Ranga Narayanan » Transport, Electrochemistry, and Thermodynamics

We generate insights on the dynamics of complex systems through experiments, theoretical analysis, and simulation. Aims of the research include enabling the efficient control and processing of these systems which are used in a wide range of industries, products, and emerging technologies.

Faculty

Photo of Ranga Narayanan

Ranga Narayanan

Distinguished Professor and William P. and Tracy Cirioli Term Professor
Work Office: CHE 404 Lab: CHE 400 1006 Center Drive Gainesville FL 32611 Work Phone: (352) 392-9103

Biography

TRANSPORT OF HEAT, MASS, AND MOMENTUM ARE OFTEN accompanied by spatial and temporal pattern formation. Understanding the cause of pattern formation is pivotal as this research has application to the processing of materials on earth and under microgravity conditions. Such processes include additive manufacturing of metals, bulk crystal growth of semiconductors, thin film growth during evaporation, and electroplating.

IN THE AREA OF INSTABILITIES, IT IS THE GOAL of the present research to examine the physics of the spontaneous generation of spatial patterns in processes that involve solidification, electrodeposition, resonance, and free-surface convection. The pattern formation is associated with instabilities of a parent state as a control parameter is changed. Other processes of interest that involve instabilities are shearing flows with viscous dissipation of heat and oscillatory flows where flow reversal is the cause of non-rectilinear patterns.

THE MATHEMATICAL METHODS USED IN OUR RESEARCH are related to bifurcation theory, non-linear energy methods, and perturbation techniques. The experimental methods involve flow sensing by infrared imaging, shadowgraphy, and electrochemical titration.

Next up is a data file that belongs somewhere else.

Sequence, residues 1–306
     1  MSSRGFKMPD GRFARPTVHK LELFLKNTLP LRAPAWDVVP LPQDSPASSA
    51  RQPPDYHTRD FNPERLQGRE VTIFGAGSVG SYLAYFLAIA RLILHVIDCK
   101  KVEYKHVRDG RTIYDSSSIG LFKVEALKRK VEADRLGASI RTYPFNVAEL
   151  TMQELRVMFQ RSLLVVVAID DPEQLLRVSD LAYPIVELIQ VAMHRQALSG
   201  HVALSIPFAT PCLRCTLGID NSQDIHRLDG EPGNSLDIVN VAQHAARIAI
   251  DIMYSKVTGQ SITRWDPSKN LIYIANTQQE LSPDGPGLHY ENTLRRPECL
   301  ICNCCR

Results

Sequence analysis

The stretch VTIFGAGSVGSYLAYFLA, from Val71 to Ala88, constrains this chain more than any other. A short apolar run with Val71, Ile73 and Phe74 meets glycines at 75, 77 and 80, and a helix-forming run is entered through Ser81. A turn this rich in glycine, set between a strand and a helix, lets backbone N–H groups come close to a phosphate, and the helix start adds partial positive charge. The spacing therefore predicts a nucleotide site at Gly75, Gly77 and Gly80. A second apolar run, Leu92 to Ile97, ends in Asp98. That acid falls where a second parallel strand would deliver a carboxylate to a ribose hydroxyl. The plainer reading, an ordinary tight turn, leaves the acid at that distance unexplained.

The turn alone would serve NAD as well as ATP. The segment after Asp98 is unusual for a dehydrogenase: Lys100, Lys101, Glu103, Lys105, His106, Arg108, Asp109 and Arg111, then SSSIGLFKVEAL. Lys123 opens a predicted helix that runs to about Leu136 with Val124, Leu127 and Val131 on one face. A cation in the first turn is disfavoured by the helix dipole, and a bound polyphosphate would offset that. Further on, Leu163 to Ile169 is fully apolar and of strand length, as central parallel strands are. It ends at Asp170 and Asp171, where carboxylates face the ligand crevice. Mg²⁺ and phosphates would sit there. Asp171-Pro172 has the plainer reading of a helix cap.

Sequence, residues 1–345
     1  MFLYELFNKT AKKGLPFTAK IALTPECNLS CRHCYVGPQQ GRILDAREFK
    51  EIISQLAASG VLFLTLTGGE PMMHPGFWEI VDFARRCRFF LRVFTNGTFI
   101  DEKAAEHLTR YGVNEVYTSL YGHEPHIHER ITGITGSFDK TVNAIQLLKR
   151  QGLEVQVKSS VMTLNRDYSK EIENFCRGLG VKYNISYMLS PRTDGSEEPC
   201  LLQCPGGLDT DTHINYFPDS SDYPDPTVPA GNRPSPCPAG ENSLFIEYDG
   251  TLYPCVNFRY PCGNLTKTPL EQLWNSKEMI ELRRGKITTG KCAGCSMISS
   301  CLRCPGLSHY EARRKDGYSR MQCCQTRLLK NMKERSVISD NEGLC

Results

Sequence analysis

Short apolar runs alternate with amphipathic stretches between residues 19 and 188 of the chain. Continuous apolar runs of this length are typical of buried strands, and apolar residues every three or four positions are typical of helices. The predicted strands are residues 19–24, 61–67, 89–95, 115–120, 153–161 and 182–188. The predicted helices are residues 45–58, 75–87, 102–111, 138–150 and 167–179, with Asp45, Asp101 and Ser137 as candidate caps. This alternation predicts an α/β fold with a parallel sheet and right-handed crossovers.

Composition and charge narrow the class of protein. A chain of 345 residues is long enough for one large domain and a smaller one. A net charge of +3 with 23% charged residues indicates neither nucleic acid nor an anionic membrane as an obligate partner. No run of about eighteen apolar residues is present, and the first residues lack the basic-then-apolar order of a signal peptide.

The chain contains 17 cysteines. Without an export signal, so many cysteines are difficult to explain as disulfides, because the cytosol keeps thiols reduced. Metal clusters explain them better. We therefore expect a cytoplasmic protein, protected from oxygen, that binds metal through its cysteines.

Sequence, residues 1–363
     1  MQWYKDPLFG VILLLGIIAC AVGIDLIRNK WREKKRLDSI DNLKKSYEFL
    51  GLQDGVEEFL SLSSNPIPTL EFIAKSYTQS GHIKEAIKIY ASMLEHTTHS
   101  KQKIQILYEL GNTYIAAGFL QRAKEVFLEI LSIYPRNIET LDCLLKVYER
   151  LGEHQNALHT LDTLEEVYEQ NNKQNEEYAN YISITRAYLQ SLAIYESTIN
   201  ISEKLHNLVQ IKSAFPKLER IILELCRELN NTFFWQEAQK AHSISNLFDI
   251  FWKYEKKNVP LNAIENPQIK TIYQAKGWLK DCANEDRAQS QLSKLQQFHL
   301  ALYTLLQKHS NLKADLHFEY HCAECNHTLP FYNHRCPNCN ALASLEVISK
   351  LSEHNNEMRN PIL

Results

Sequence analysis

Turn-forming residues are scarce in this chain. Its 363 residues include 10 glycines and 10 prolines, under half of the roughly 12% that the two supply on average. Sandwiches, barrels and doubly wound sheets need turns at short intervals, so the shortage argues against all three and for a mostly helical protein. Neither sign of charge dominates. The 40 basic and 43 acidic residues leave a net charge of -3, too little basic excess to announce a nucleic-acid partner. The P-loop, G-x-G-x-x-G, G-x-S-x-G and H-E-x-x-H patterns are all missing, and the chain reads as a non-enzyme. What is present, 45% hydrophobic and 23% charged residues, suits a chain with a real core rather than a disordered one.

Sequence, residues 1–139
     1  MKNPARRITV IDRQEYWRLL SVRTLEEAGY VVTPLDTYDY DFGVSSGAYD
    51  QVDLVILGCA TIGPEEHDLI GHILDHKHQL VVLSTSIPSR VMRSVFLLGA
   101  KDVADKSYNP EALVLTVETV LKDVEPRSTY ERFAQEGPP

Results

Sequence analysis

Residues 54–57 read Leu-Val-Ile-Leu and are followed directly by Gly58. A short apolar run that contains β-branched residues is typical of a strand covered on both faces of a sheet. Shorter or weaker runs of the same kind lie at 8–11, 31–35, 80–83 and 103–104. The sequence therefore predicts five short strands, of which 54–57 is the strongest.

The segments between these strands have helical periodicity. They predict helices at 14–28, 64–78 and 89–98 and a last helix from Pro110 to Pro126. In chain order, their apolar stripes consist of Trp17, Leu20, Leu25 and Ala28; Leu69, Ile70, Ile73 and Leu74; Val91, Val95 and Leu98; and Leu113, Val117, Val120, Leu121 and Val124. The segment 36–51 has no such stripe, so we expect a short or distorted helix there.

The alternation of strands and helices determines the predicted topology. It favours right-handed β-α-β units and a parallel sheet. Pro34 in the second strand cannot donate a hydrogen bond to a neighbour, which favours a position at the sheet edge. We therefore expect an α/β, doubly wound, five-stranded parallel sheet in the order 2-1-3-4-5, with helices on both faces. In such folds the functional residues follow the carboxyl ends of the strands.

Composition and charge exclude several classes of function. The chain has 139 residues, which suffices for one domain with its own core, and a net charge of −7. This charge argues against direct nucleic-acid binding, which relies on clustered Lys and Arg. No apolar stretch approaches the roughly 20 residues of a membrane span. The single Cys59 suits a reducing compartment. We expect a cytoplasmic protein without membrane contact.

Education

Ph.D., 1978, Illinois Institute of Technology (1981)

Awards & Distinctions

  • University Term Professor, 2018-2021
  • Fellow of the American Institute of Chemical Engineers
  • Fellow of the American Physical Society
  • Fellow of the American Association for the Advancement of Science
  • Fellow of the institute of Mathematics and Applications
  • Academician of International Academy of Astronautics
  • Institute of Advanced Study Fellowship, Durham University
  • J.W. Fulbright Distinguished Chair Professorship and Fulbright Scholar Award
  • Humboldt Research Fellowships
  • Distinguished Achievement and Education Award, National Engineering Council
  • Japan Society for the Promotion of Science Fellowship
  • Chevron Professorship, IIT Madras

selected Publications

  • K.L. Ward, S. Matsumoto, and R. Narayanan, “ The Electrostatically fForced Faraday Instability- Theory and Experiments”, J. Fluid Mech., 862, pp 696-731, (2019)
  • G. Dietze, J. Picardo and R. Narayanan, “Sliding Instability of Draining Fluid Films”,   J. Fluid Mech. 857, pp 111-141 (2018)
  • D. Pillai and R. Narayanan, “Interfacial Dynamics of a Confined Liquid Vapor Bilayer Undergoing Evaporation”, J. Fluid Mech.  857, pp1-37, (2018)
  • D. Pillai and R. Narayanan, “D. Pillai and R. Narayanan, “Nonlinear Dynamics of  Electrostatic Faraday Instability in Thin Films”, J. Fluid Mech. 855, p R4 (2018)
  • D. Pillai and R. Narayanan, “Rayleigh Taylor Stability in an Evaporating Binary Mixture”, J. Fluid Mech, 848, R1  (2018)
  • S.V. Diwakar, V. Jajoo, S. Amiroudine, S. Matsumoto, R. Narayanan and F. Zoueshtiagh, “Influence of capillarity and gravity on confined Faraday waves”, Phys Rev. Fluids,  3, 073902, (2018)
  • N. B. Brosius, K.L. Ward, S. Matsumoto, M. Sansoucie, and R. Narayanan, “Faraday forcing of high temperature levitated liquid metal drops to measure surface tension”, Nature (microgravity), 4, N.10 (2018)
  • J. Picardo and R. Narayanan, “Interfacial pattern selection in defiance of linear growth, J. Fluid Mech., 829, 345-363, (2017)
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Office: CHE 404 Lab: CHE 400 Gainesville FL 32611